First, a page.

After investigating whether the blog violated ethical rules, the Virginia State Bar (VSB) determined that the attorney’s posts constituted misleading attorney advertising of cumulative case results without the required disclaimer, violating Virginia Rule of Professional Conduct 7.1 and 7.2, which govern attorney advertising. The VSB further found Hunter in violation of Virginia Rule of Professional Conduct 1.6, pertaining to disclosure of client information, on the ground that he improperly disseminated client confidences by disclosing information that would be embarrassing or likely detrimental to the client, without client consent.
A panel of the Virginia Circuit Court affirmed the VSB ruling finding no violation of the attorney advertising rules, and that application of those rules to the blog was in accord with the First Amendment. The circuit court found the VSB’s ruling on improper disclosure of client confidences violated the First Amendment, however, and reversed on that ground. The panel ordered Hunter to post a disclaimer on his blog and issued a public admonition.
Supreme Court Rules That Blog Is Unprotected Commercial Speech
On appeal, the majority of the Virginia Supreme Court held that Rules 7.1 and 7.2 were constitutional as applied to the attorney’s blog, but that Rule 1.6 was not. Though the blog contained political commentary intertwined with the discussion of his cases, the majority concluded the blog constituted attorney advertising and, therefore, commercial speech.
The court classified the blog as commercial speech based upon the following factors: (1) the attorney’s motivation for the blog was partly economic; (2) most of the posts pertained to the attorney’s favorable case results, and thus advertised his lawyering skills; (3) the blog was maintained on his law firm’s website rather than an independent site; and (4) the blog was non-interactive and did not allow for public discourse. The court next analyzed whether the blog fell under the ambit of the First Amendment, which does not protect misleading speech. Though not inherently misleading, the majority found the blog posts had the potential to mislead unsophisticated persons into believing they were guaranteed to obtain the same favorable results from the attorney.
In contrast, the two dissenting justices would have ruled that the blog constituted political speech beyond the reach of VSB regulation. Though the attorney mostly discussed his own cases, the dissent pointed out that he “uses the outcome of his cases to illustrate his view of the system,” and that his motive was not purely economic. The dissent also disagreed that the location of the blog on the firm’s website and its lack of interactivity converted the blog into commercial speech, because those factors had no bearing on the content of the blog or the motivations of its author. Under heightened scrutiny, the dissent would have declined to find a violation or to impose a disclaimer because the attorney advertising rules operate to protect the public from misleading statements about attorney services, and there was no evidence that anyone was misled by the attorney’s blog.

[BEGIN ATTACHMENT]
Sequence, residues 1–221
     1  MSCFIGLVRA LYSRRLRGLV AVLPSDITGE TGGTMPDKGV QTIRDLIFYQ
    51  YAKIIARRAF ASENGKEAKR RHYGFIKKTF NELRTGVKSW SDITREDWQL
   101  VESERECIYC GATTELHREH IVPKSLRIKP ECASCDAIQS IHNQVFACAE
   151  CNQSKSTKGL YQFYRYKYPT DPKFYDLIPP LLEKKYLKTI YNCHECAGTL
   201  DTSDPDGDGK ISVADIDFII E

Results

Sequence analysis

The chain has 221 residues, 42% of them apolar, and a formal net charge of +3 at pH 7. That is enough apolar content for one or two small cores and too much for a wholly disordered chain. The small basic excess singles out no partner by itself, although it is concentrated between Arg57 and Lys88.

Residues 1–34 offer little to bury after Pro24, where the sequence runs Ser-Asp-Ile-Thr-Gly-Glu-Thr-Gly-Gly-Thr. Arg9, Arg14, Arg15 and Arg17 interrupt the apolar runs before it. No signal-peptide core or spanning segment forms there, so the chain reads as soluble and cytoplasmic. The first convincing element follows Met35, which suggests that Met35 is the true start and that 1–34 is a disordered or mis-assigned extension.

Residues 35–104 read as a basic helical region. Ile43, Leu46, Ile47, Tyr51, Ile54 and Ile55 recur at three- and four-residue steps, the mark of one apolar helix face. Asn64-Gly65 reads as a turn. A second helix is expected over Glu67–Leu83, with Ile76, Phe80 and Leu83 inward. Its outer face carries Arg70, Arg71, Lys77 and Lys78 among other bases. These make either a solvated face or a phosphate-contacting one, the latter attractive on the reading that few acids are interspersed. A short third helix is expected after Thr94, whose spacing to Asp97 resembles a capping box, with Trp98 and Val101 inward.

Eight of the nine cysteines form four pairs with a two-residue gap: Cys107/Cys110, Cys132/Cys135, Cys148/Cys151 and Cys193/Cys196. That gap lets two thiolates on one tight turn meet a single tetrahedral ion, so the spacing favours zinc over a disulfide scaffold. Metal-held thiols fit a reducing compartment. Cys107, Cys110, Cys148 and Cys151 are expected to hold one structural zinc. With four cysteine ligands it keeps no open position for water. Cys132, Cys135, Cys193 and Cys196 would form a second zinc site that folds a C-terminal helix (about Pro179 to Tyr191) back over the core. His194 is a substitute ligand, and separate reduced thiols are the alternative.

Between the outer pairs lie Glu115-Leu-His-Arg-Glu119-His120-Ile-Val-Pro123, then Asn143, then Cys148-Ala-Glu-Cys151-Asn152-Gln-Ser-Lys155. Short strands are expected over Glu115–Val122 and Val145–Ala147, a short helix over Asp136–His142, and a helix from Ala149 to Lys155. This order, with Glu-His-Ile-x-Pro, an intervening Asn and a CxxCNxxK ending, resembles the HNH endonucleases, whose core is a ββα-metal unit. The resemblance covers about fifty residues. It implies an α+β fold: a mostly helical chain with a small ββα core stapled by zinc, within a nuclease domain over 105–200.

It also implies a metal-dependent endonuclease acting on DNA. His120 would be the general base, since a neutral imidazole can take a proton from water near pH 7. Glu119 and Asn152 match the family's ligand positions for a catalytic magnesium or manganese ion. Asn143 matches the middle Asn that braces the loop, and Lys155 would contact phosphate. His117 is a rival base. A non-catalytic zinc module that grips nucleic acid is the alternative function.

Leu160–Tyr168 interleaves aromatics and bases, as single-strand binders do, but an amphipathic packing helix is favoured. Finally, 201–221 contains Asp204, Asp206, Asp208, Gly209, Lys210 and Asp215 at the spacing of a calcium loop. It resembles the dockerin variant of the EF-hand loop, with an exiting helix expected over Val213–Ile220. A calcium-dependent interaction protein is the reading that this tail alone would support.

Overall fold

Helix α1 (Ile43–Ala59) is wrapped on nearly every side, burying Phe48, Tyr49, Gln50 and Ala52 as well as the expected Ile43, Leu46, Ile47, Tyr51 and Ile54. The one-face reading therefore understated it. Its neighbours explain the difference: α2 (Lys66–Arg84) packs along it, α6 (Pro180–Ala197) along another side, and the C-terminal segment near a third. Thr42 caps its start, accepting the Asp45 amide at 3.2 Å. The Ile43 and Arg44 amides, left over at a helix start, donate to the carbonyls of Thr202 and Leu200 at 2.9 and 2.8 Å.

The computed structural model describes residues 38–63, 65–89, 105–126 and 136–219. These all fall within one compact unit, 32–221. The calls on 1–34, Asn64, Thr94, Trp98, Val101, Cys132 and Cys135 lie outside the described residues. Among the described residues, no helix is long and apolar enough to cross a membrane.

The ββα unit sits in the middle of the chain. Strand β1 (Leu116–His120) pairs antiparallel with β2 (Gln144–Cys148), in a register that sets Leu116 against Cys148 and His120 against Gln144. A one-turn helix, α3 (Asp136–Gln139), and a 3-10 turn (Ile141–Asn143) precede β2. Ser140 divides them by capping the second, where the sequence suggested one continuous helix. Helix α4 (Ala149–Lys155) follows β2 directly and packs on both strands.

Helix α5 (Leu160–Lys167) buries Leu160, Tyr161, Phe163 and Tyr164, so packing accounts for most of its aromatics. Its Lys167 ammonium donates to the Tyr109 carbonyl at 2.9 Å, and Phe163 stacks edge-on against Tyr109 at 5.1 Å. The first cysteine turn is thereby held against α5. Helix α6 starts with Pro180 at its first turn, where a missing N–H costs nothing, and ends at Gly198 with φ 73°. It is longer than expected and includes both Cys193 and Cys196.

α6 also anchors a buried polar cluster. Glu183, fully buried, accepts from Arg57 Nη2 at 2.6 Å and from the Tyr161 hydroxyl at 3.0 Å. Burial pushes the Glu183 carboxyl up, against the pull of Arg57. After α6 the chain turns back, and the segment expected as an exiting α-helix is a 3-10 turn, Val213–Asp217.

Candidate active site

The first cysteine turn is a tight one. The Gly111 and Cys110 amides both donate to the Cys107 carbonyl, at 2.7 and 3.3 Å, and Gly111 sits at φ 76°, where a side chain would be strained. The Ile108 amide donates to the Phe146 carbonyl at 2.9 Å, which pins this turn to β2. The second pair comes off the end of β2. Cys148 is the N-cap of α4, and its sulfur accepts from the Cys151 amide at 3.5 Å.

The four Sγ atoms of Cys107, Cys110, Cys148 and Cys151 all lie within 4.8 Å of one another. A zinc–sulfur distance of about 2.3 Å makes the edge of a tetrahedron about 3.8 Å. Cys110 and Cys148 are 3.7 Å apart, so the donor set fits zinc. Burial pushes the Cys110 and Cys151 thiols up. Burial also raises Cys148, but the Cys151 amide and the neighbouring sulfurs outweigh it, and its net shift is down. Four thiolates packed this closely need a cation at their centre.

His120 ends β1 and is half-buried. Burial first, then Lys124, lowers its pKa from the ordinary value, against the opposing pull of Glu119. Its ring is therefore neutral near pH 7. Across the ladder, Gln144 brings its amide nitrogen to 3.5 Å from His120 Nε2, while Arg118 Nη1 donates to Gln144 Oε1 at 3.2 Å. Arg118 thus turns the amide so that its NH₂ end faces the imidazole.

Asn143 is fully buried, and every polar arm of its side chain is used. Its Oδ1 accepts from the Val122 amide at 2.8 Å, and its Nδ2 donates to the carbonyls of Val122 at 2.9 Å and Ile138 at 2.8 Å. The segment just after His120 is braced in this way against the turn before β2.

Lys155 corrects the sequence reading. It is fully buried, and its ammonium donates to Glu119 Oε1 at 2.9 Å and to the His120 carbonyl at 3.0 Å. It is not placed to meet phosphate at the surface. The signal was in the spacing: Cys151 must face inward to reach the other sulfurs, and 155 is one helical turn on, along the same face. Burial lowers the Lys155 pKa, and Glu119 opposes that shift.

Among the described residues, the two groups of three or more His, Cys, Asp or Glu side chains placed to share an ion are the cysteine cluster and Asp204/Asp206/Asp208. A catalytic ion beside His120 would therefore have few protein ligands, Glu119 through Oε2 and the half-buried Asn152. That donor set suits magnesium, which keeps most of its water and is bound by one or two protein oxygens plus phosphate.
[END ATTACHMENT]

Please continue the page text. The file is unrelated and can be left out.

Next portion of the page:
What Types of Attorney Speech Are Covered?
“If mixed speech is declared to be commercial in nature because it is predominantly commercial, then it is really difficult for an attorney to determine when his website crosses the line into commercial speech,” observes Stephen T. LaBriola, Atlanta, cochair of the Attorney Advertising Subcommittee of the ABA Section of Litigation’s Ethics and Professionalism Committee “The court does not set forth a test to determine whether the speech is political or commercial,” he states.
“I don’t find an easy distinction between political and commercial speech when it comes to lawyers talking about cases, and that’s what this decision does,” agrees Ashley I. Kissinger, Denver, past cochair of the Section of Litigation’s First Amendment and Media Litigation Committee. “Lawyers do lots of writing about their cases, and that’s helpful for the public to know. We’re able to provide the public with a unique insight into those judicial proceedings that others cannot,” she explains.
Section leaders are also concerned that the Hunter decision may extend beyond blogs to other types of attorney writing. “It also brings a whole lot more attorney speech within its ambit than just a blog, if strictly read,” says Kissinger. “Every silk stocking firm in Virginia is going to have attorney biographies that may run afoul of this listing,” notes LaBriola. “The question is, will it have a chilling effect or will the disclaimer actually be used,” he adds.
Advice for Attorney Bloggers
“Lawyers need to read the legal advertising rule in the jurisdiction where they’re licensed,” advises Kissinger. She suggests attorney bloggers should add disclaimers if required by their state. “An attorney would be wise to make contact with his former client and ask for permission to post about the case on the front end,” adds LaBriola. He counsels lawyers to “err on the side of caution.”
Renee Choy Ohlendorf is an associate editor Litigation News.